Mr Humpherson: Can I just come in and answer the element of the question about the fierceness of the competition and whether that is declining or stable or increasing over time. Perhaps unsurprisingly it is a very dynamic picture. Markets develop; they grow; they shrink. In some sectors we saw in the past quite an illiquid market with not many suppliers and we saw growth. The most dramatic example is in the waste sector and people who build waste facilities for local authorities under a PFI contract. That was a market with very few suppliers as recently as a couple of years ago and as a result of some quite skilled procurement management there are now more suppliers who pitch into the bids. Much the same thing could be said in the schools sector. General construction is pretty much the same as it has always been but there are some areas where you are seeing a trend towards greater concentration. The most striking is in what you might call the after market. Once the asset is built there is a tendency for the original backers of the project on the private sector side to sell their equity to secondary funds who specialise in doing PFI deals and there are fewer of those funds than there were and it is a trend towards concentration. The other aspect where we are seeing some concentration is in financing as a result of financial market problems. We see from the work that we do a general phenomenon that there is less project finance appetite around in the banking sector and as a result it is harder to get these projects funded. There are fewer people putting in less money effectively. That is not to say that deals are not going ahead. It is just much harder and there is less obvious financing competition. So it is a dynamic picture which does not accord to a simple answer I am afraid.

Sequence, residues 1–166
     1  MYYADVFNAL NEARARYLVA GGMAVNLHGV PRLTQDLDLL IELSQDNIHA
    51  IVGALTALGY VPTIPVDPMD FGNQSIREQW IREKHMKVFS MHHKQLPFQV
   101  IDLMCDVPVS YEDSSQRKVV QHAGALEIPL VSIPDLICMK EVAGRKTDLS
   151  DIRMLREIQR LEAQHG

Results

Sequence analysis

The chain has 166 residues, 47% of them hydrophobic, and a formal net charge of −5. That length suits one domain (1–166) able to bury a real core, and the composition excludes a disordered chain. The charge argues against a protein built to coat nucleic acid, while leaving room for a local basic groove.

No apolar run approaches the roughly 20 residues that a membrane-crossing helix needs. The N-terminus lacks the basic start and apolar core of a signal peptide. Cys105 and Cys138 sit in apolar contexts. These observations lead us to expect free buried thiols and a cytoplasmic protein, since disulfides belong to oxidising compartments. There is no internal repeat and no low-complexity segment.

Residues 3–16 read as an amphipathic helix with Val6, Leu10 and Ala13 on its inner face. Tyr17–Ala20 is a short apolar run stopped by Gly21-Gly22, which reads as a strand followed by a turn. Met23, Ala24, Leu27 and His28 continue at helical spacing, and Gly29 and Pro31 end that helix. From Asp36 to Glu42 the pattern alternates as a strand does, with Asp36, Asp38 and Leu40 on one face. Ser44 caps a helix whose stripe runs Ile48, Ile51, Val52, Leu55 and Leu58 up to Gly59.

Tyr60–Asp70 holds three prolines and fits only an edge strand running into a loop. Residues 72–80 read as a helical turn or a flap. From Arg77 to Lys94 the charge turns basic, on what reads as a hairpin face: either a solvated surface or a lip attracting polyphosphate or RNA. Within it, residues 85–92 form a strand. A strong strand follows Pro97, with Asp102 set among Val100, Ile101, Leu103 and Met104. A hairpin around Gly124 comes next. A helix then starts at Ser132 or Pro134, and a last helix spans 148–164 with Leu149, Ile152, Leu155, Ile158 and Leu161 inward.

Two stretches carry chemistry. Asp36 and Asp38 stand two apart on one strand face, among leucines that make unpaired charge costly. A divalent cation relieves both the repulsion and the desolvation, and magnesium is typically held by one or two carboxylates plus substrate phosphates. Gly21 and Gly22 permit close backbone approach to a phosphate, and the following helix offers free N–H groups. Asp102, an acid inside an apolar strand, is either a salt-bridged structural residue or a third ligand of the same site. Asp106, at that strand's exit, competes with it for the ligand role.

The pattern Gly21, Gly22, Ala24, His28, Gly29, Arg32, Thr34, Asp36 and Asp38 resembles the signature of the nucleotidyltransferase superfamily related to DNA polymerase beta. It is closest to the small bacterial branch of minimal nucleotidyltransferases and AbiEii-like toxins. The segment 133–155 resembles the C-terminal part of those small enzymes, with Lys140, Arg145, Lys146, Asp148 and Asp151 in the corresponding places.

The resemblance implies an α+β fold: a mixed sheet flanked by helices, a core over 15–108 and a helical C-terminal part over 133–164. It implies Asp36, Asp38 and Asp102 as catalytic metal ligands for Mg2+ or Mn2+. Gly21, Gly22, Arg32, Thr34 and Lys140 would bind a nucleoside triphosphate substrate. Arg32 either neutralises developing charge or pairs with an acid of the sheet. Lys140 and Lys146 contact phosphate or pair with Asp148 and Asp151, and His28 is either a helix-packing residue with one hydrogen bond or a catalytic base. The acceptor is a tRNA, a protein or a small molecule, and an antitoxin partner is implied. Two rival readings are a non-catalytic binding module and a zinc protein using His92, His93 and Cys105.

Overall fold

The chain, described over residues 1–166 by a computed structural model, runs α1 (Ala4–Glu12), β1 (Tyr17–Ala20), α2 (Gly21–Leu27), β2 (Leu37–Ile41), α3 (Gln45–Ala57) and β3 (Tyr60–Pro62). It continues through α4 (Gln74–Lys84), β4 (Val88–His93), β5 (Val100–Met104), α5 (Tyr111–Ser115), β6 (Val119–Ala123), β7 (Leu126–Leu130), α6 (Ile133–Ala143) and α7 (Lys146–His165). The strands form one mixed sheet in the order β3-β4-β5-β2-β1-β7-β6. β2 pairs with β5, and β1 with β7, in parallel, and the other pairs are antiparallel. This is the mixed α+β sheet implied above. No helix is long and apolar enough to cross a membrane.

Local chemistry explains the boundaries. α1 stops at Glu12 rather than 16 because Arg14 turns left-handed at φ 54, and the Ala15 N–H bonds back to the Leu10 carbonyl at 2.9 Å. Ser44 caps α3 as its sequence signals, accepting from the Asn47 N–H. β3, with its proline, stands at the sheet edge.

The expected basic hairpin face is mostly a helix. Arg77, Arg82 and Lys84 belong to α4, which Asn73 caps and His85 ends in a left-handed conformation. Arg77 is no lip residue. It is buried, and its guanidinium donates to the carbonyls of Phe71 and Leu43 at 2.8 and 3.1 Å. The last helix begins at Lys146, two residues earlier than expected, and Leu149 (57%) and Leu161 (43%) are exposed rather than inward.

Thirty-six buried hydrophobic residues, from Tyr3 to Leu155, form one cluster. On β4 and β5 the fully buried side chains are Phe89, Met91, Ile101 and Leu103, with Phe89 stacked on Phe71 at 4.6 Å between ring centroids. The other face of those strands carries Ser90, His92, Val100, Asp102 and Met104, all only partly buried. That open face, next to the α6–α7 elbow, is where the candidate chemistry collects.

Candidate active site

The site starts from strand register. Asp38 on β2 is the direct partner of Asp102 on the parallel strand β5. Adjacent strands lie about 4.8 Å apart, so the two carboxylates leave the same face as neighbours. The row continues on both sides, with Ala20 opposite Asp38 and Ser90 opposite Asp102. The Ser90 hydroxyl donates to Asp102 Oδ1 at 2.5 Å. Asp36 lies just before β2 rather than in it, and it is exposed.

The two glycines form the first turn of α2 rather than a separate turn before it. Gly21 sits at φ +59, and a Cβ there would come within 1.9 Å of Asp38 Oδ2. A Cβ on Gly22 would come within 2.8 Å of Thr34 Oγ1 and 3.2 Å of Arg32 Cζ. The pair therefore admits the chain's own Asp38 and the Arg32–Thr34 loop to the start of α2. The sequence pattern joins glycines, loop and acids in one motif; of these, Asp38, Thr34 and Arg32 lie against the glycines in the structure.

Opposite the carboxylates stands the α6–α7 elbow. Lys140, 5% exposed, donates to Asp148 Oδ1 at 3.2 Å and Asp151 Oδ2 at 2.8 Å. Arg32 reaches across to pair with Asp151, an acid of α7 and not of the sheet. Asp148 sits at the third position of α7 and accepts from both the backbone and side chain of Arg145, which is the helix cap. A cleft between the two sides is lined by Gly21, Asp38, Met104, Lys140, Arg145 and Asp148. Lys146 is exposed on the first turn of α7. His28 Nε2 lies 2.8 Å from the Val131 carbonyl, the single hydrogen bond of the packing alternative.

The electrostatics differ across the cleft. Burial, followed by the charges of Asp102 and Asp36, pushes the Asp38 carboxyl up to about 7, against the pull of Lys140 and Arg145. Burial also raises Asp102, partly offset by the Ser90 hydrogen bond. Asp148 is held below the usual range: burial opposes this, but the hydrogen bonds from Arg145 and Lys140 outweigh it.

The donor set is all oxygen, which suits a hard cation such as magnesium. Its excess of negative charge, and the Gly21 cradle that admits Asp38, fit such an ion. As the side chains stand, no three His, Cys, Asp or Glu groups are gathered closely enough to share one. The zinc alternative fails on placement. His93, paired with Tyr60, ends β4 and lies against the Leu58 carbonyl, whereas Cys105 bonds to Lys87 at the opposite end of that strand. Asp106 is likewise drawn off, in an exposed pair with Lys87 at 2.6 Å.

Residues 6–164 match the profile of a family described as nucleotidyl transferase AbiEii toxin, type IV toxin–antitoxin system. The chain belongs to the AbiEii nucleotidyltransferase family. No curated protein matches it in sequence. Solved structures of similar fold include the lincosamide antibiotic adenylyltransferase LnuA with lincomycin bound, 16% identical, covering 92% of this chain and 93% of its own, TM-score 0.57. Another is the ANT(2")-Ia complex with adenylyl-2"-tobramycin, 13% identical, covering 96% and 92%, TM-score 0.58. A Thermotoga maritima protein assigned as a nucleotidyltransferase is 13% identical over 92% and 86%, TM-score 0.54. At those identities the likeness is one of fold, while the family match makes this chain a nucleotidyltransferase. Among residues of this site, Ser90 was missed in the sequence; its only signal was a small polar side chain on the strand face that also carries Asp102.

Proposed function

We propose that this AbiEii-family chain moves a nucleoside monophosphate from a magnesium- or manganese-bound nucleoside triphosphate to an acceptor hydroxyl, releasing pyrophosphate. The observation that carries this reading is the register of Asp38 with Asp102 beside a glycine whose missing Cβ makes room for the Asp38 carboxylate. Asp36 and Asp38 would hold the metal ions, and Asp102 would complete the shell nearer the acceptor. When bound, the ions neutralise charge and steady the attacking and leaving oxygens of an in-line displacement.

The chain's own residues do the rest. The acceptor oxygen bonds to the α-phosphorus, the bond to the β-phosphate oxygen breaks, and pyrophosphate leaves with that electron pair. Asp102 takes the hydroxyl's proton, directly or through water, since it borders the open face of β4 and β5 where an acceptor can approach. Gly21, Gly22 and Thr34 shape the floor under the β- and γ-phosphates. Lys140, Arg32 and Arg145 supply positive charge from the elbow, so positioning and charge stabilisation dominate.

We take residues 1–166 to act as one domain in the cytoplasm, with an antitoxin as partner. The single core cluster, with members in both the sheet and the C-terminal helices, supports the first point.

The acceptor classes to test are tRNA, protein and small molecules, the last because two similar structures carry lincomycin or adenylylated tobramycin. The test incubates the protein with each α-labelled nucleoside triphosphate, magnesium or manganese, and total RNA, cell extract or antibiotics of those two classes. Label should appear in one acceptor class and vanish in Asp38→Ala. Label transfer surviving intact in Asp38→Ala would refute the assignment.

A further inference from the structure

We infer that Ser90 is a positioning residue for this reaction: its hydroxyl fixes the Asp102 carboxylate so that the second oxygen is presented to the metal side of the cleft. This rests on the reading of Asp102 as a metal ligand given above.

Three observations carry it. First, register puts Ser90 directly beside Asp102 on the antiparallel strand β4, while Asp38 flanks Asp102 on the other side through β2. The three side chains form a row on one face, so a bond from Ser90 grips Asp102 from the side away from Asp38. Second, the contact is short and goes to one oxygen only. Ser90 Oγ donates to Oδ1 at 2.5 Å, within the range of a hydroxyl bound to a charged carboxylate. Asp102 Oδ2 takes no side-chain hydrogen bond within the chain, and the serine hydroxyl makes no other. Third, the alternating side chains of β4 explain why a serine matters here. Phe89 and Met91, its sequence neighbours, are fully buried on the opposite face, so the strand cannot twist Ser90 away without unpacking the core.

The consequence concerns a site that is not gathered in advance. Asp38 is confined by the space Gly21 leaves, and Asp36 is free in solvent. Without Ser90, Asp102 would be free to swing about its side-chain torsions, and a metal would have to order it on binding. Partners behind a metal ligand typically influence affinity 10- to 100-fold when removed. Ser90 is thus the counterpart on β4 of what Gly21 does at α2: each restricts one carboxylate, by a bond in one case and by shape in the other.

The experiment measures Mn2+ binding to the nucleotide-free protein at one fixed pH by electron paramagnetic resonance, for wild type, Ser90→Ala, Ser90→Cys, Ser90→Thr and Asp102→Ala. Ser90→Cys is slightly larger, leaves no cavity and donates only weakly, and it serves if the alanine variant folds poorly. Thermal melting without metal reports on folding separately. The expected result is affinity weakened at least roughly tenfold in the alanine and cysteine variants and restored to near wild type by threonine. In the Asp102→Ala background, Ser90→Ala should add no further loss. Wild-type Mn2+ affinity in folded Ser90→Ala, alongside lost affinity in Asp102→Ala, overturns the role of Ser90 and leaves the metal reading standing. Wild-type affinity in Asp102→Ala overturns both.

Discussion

Q232  Lord Eatwell: I would like to turn to the horror stories of IT projects. IT projects seem to go badly wrong whether they are public finance initiative projects or whether they are just public projects and yet IT outsourcing is a really fast-growing part of the private sector and very standardised in the private sector and it seems to work, so what is your view of the relative merits of PFI IT projects and publicly procured IT projects?